The sudden closure of the Ben Sawyer Bridge on Monday — caused by "extreme heat" that expanded its steel structure to where it became stuck partially open — is a relatively rare occurrence and not a sign of a problem with its structural integrity, state transportation officials said.
Coastal South Carolina has experienced record-setting high temperatures in recent days. The Charleston area on Monday experienced a high of 100 degrees, with an even higher heat index — hot enough to warp the steel bridge.
Though other bridges in the state have experienced similar temperatures, Memorial Day marked the first time the Ben Sawyer Bridge was forced to shut down due to the heat, according to the S.C. Department of Transportation.
“This can impact the opening/closing of the bridge,” DOT said in a tweet.
The bridge remained shut down to vehicle traffic for four hours during the evening, much to Memorial Day beach-goers’ dismay. It eventually reopened to traffic around 9 p.m., but it remained closed to maritime traffic Tuesday.
"It isn't common, but it's not unheard of," Kevin Turner, a DOT construction engineer, said of the bridge’s thermal expansion.
The bridge is expected to be reopened to all traffic by 5 a.m. Wednesday, Turner said. He said the bridge opens for boats about 200 times a month, about seven times a day.
Turner estimated the state has seen three similar bridge problems caused by excessive heat during the last 10 to 15 years, including the Lady's Island Bridge in Beaufort.
The last non-routine maintenance done on the Ben Sawyer Bridge was in October when a limit switch needed repair, Turner said. That switch is a light sensor that calculates the alignment of the bridge when it opens and closes.
With the bridge stuck partially open Monday, motorists trying to get off Sullivan’s Island were re-routed a few miles away to the Isle of Palms connector, the only other vehicular route off the islands. Officials used a fire hose to cool the steel.
After the metal had cooled enough, engineers removed a small portion of a swollen plate by taking a torch to the surface and essentially melting it away so that the bridge could again open and close, according to DOT.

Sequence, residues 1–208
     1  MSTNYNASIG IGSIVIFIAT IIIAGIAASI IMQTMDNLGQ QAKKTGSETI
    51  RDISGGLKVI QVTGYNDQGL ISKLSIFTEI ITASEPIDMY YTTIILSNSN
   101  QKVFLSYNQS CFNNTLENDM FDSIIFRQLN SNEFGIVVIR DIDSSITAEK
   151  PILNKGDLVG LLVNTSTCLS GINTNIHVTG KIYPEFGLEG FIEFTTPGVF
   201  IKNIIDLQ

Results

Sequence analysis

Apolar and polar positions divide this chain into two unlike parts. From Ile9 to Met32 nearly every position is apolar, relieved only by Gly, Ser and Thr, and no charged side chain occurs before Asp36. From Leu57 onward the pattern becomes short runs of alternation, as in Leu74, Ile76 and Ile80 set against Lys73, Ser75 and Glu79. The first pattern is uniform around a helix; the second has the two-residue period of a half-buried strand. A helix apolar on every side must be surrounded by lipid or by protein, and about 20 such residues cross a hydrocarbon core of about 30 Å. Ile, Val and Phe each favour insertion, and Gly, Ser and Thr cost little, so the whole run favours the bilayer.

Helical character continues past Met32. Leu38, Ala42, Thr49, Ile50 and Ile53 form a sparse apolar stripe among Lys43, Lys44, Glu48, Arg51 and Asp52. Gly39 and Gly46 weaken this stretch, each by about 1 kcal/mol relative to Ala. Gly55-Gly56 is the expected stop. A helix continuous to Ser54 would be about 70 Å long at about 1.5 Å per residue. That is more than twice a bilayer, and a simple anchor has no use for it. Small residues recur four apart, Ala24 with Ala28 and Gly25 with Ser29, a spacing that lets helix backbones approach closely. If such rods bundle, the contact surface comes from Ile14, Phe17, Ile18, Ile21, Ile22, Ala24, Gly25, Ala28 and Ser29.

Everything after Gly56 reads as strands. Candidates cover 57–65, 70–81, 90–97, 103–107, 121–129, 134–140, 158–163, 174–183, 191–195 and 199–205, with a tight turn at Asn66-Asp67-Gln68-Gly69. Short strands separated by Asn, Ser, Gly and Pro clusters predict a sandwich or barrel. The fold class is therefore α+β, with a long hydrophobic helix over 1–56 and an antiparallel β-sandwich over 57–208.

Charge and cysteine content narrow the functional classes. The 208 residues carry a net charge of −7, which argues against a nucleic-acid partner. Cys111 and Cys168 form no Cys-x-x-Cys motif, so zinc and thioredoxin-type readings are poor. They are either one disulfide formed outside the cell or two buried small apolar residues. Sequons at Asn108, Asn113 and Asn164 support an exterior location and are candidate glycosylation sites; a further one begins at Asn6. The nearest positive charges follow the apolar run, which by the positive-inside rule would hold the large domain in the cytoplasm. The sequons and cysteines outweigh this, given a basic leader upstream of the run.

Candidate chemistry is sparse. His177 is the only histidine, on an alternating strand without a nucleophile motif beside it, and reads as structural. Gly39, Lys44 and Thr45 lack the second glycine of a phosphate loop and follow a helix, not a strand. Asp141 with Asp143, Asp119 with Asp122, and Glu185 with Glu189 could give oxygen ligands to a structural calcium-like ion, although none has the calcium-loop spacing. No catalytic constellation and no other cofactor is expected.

John Ryan, an assistant professor of civil engineering at The Citadel and who also runs Ryan Structural Engineers, was in contact with Sullivan’s Island officials Tuesday to learn more about what happened.
“They torched away about a quarter of an inch … across one plate,” Ryan said. "My understanding is, from a structural standpoint, it was almost cosmetic … it doesn’t impact the function of the bridge whatsoever as far as I can tell.”
Sullivan’s Island Town Administrator Andy Benke said the bulk of involvement by local officials consisted of traffic control, with help from Isle of Palms and Mount Pleasant police.
Ryan did not fault DOT or local officials’ for their response to the issue.
“I’m not sure that there is a fundamental action to be taken,” he said. “It seems DOT … was able to respond to it in a relatively quick fashion.”
The current steel truss Ben Sawyer Bridge was put in place in January 2010 — it was built at the former Charleston Naval Base and hauled to the site by barge. Its installation required closing both the waterway and the roadway at different times over 10 days.
The 2010 replacement came after years of structural issues with the previous swing span bridge.
In 2009, the 124-foot bridge was closed for 72 hours so rusty steel beams supporting its 5-ton bridge-tender’s house could be replaced.
In 2004, transportation engineers reduced the gross weight of vehicles allowed to cross the bridge to 20 tons from 30 tons after an inspection found “fairly significant deterioration” of floor beams and stringers.
The old bridge also was pummeled by Hurricane Hugo in 1989, and its tilting, cockeyed swing span became one of the most iconic photos of the damage caused by that storm.